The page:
Lonnie Bunch on John Lewis

Dedication Ceremony of the Smithsonian National Museum of African American History and Culture

Lonnie Bunch is the secretary of the Smithsonian Institution and was the founding director of the Smithsonian National Museum of African American History and Culture in Washington D.C. Over at Politico he reflects on the life of civil rights activist and congressman John Lewis.

Here is a taste:

I first got to know Congressman Lewis when the Smithsonian hired me to make real the centurylong dream of a museum on the National Mall dedicated to the history and culture of African Americans. Without his persistence, the museum might never have existed. Upon his election to office in 1986, one of the first bills Lewis introduced was legislation to create the museum. He continued to champion it, building enthusiasm for the project among his colleagues and constituents for 15 years, before the National Museum of African American History and Culture Act finally passed the House and Senate and was signed into law by President George W. Bush.

Every time I met with the congressman, I was struck by his patience and perseverance, qualities one would expect from someone who had been deeply involved in the struggle for civil rights since he was a teenager. Inspired by Dr. Martin Luther King Jr.’s radio sermons and the movement to integrate Alabama’s schools, John Lewis gave his first sermon at Macedonia Baptist Church in Troy, Alabama, when he was just 15. When he later attended the American Baptist Theological Seminary, he tried to start a campus chapter of the NAACP, only to encounter resistance from the school’s leaders, who were reluctant to lose the white support they counted on. Lewis became adept at overcoming resistance throughout his life and shared wisdom about doing so with many people—myself included. As I struggled to build the National Museum of African American History and Culture, I cannot count the number of times I looked to his example of fighting the good fight every day.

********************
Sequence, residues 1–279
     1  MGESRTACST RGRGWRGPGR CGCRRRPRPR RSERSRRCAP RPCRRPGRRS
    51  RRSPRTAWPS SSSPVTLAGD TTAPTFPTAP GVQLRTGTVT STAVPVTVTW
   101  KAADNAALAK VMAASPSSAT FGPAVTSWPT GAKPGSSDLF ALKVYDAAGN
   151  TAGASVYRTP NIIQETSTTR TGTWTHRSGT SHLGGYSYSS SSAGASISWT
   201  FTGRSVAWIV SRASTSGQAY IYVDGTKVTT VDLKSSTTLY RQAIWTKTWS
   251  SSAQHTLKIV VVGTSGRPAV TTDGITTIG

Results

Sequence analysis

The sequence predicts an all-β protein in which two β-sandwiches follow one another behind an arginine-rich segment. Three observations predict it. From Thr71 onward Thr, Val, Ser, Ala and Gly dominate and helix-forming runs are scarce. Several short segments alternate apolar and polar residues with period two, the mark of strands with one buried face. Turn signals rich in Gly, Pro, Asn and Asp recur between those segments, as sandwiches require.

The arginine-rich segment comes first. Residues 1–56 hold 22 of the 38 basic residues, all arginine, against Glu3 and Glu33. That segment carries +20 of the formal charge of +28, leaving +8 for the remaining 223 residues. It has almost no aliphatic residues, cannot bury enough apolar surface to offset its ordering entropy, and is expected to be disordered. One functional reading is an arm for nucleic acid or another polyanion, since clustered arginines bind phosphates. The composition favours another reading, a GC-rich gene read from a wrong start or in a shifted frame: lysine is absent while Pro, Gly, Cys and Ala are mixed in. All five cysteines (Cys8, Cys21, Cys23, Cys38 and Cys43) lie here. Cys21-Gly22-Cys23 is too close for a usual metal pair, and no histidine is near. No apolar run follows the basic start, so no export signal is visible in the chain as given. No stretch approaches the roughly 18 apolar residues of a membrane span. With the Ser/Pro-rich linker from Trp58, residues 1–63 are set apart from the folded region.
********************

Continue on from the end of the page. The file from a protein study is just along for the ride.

Read the entire piece here.

Lonnie Bunch on race in America


Lonnie Bunch is the secretary of the Smithsonian Institution and the founding director of the National Museum of African American History and Culture. Over at The Atlantic, Adam Serwer talks with Bunch about our current moment.

Here is a taste:

Adam Serwer: Since George Floyd was killed by a police officer in Minnesota on May 25, we’ve seen weeks of protests. Why do you think this is happening now?

Lonnie Bunch: I’ve always shown that protest is the highest form of patriotism. It’s where people demand a country live up to its stated ideals. And I think the pain that came with the murder of George Floyd—but with a long history of this pain—I think people said, I’m tired of mourning. Let me do something besides mourn. Let me challenge a country to live up to its stated ideals. And I think that’s what you’re seeing in the protests.